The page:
My new poetry collection was launched – sent out hitching on the information highway – earlier this month. David Eggleton gave a rocking, almost chanting speech that felt like a performance work in its own right, and which I revisit in my head when first-draft anxiety ambushes me again.
Quite a few of the pieces in this new collection play with the idea of the poem as a letter, or correspondence, addressed to some ideal imaginary reader. In fact, the book’s title means it is directly addressed to the reader, even though, as the Argentinan poet Antonio Porchia expresses it in his work Voces – ‘I know what I have given you. I do not know what you have received.’
When this collection finally shook down into some kind of shape, a visual memory of artist Nick Austin’s ‘Travelling Envelope’ series instantly zoomed up — like a film clip rather than a single picture. The sense of physical movement was palpable. You can see it here on the final cover image (designed by Fiona Moffat) in the rolling hills and all the jaunty angles, but I also think the feeling of animation is helped by Nick’s playful wit; the absurd and hopeful stoicism of this little bare-armed paper freeloader.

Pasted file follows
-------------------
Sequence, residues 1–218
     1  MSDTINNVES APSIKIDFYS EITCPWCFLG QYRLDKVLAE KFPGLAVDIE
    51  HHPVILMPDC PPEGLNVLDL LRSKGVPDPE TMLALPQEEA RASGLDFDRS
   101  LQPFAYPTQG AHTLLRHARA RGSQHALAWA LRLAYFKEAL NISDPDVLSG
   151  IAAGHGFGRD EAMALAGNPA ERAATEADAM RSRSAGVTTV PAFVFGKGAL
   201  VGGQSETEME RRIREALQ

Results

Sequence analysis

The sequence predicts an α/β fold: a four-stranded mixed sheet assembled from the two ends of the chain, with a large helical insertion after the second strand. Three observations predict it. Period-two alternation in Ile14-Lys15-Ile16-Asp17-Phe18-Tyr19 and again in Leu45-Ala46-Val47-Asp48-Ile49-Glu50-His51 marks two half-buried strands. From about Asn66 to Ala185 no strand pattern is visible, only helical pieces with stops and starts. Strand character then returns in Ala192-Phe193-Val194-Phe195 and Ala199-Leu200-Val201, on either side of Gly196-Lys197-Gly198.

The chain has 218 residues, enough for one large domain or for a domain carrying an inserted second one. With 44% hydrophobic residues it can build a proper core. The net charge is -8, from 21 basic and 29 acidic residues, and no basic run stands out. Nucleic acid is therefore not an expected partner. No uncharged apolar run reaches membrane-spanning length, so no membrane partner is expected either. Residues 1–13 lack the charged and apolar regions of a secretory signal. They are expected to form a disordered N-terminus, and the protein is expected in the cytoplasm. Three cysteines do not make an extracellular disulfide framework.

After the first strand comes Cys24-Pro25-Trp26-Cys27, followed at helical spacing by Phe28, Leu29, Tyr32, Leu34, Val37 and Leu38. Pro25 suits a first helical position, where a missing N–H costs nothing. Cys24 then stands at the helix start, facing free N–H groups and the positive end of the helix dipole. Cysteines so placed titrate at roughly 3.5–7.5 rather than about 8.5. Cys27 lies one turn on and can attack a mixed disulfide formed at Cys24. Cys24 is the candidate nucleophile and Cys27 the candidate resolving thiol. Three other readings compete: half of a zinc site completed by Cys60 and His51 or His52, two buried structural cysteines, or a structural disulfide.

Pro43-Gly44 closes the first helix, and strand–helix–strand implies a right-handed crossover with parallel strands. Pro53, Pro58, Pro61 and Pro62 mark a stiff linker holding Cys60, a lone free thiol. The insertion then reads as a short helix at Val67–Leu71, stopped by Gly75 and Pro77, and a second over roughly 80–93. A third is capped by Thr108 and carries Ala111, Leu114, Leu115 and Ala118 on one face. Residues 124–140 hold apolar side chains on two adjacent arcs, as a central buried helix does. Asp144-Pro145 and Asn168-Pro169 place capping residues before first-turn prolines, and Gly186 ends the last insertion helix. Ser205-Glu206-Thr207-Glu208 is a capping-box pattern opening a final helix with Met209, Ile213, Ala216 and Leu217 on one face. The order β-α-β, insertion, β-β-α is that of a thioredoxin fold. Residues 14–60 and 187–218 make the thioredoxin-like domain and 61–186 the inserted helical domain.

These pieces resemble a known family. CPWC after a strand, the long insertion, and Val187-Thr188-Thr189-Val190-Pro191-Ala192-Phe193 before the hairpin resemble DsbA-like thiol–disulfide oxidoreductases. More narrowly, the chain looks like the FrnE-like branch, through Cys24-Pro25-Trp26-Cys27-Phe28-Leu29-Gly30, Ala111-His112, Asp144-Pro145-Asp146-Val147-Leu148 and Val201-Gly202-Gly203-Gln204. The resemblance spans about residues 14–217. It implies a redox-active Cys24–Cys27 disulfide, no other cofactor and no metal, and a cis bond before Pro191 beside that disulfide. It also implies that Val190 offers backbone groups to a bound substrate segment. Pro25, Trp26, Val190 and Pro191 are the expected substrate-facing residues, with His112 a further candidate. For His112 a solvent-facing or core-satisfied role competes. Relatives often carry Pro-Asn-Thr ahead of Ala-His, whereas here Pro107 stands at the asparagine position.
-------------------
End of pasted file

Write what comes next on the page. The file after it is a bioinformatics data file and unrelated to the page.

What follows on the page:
I love the way, if you linger on the image, there’s also a sense of the unknown, of risk; a potential twist of the untoward, which is also what I wanted some of the poems here to approach. I love the element of masking and possible vulnerability in both the invisible driver and the potential passenger — whose face we also don’t see. There’s a game of conceal and reveal here, which is a bit like the reader-writer relationship too.
That edge of anticipation, maybe even a frisson of fear, remind me of sending poetry, or any writing, out into the world … not knowing whether it will be accepted, rejected, well-received, misunderstood, or maybe even have empty beer bottles flung at it from a speeding window. I love having Nick Austin’s beguiling, comedic work on the cover. It somehow balances both an attractive simplicity and yet something eerie and enigmatic too.
For readers interested in other work by Nick, there is another title – Personal Address – which reproduces more of his paintings in this series, and which includes letters between Nick and art writer Wystan Curnow. More information on that title is available from http://www.hopkinsonmossman.com.
For any readers curious about To the Occupant, there is a deliciously easy and efficient bright blue Buy Now Button at this link: